In FIG. 6, as in FIG. 5, the surface portions 15b include obtuse angles with the surface portion 15a.
Of course, the members 14a or 14a" will be inserted into the flow 11 of solder (compare FIG. 2) to such an extent that both the surfaces 15a, 15a and the surface portions 15b, 15b will be immersed and come in contact with the liquid solder as shown in FIG. 2 by way of the member 14a.
FIGS. 7 and 8 show, by way of comparison, axial sec tions through two semi-conductor units each having a solder connection and with one being produced according to the prior art (FIG. 7) and the other (FIG. 8) being produced according to the present invention. It will be seen that in FIG. 7 the unit has the conductor members 14 and 14 of the prior art as illustrated in FIGS. 3 and 4, being solder connected with a semiconductor element 17 with which they are abutted and subsequently soldered to it in a single passage through a soldering oven. Because of the relatively great quantity of solder which is present on the surfaces 15, 15' of the members 14, 14' there exists the danger that during such passage through the soldering oven shorts may develop via the excess solder.
In FIG. 8, where the semi-conductor element 170 is solder-connected with the members 14a, this danger does not exist because the amount of solder present on the surfaces 150, 15a (see FIGS. 5 and 6) is substantially smaller than in the prior art. The connection is effected in the same way as with respect to FIG. 7, that is when the members 14a and 14a" are placed into abutment with the semi-conductor element 17a, the assembly is passed in a single passage through a soldering oven to be connected by soldering.
In both instances the finished assembly is potted in a synthetic resin material 18.
It will be understood that each of the elements described above, or two or more together, may also find a useful application in other types of constructions differing from the types described above.
While the invention has been illustrated and described as embodied in a semi-conductor unit, it is not intended to be limited to the details shown, since various modifications and structural changes may be made without departing in any way from the spirit of the pres ent invention.
Without further analysis, the foregoing will so fully reveal the gist of the present invention that others can be applying current knowledge readily adapt it for various applications without omitting features that, from the standpoint of prior art, fairly constitute essential characteristics of the generic or specific aspects of this invention and, therefore, such adaptations should and are intended to be comprehended within the meaning and range of equivalence of the following claims.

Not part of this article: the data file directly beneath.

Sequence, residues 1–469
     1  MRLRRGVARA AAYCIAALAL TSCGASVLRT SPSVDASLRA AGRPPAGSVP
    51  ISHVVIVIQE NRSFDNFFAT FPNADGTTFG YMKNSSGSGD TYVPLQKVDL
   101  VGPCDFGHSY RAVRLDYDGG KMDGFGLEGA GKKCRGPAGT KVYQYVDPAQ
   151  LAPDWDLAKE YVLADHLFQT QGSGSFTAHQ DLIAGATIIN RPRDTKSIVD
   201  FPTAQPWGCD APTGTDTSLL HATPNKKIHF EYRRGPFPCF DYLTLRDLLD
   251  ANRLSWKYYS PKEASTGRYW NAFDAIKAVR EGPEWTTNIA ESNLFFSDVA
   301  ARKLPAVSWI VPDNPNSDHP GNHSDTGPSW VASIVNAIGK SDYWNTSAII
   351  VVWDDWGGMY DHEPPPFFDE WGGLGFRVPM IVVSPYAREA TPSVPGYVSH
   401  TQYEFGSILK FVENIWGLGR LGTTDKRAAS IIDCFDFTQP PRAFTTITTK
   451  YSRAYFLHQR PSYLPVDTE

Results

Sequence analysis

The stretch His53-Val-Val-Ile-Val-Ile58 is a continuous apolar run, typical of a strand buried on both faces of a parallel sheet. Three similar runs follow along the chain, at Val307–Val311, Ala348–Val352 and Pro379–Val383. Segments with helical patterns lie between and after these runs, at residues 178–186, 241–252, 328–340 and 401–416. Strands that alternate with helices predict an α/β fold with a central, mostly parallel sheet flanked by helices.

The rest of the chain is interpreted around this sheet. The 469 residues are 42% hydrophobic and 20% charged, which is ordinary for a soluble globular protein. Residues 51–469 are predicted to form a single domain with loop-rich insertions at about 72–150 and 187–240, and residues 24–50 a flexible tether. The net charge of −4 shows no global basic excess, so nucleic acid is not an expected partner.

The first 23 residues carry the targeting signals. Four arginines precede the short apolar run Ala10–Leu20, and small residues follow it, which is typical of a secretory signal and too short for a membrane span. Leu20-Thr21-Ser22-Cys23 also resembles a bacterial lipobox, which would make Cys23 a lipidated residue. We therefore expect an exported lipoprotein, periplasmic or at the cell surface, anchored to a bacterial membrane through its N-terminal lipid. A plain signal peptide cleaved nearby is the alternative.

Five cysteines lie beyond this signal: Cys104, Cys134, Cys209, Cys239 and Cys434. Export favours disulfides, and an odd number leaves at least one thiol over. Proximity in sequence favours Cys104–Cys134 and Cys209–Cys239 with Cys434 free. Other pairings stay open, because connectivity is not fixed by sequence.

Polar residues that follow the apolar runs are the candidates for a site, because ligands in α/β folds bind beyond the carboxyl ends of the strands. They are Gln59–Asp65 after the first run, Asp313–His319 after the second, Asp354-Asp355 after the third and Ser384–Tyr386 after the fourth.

What is claimed as new and desired to be protected by Letters Patent is set forth in the appended claims:
1. A method of connecting a conductor member with a semi-conductor element provided with a face having a first surface area, comprising the steps of forming said conductor member with a circumferential surface, a free planar contact face spaced from said circumferential surface and having a second surface area substantially corresponding to said first surface area, and a recessed portion intermediate to, and forming obtuse angles with said circumferential surface and said contact face; flow-depositing liquid solder on said contact face as well as in said recessed portion to form a soldercoating on the same; abutting the thus coated contact face against said semi-conductor element so that said first and second surface areas face one another; and effecting adherence of said semi-conductor element to said solder so as to connect said element and said member with one another.
2. A method as defined in claim 1, wherein the step of flow-depositing said solder comprises exposing said conductor member to a flowing quantity of liquid solder so that the same flows about said conductor member and adheres predominantly to said contact face and recessed portion.
* k III
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|U.S. Classification||228/123.1, 228/260, 257/E23.125, 228/254, 29/854|
|International Classification||H01L21/52, B23K1/20, B23K1/00, H01L21/60, H01L23/31, B23K1/08|
|Cooperative Classification||H01L24/33, B23K1/085, H01L24/01, H01L2224/8319, B23K1/08, H01L2924/01013, H01L2924/01015, H01L2924/01003, H01L2924/01082, H01L2924/01033, H01L2924/0105, H01L2224/83801, H01L2924/01074, H01L23/3121, H01L2924/01027, H01L2924/01005, H01L24/83, H01L2224/83192, H01L2924/014, H01L2924/01019, H01L2224/29111, H01L2924/0132|
|European Classification||H01L24/01, H01L24/83, H01L24/33, H01L23/31H2, B23K1/08, B23K1/08B|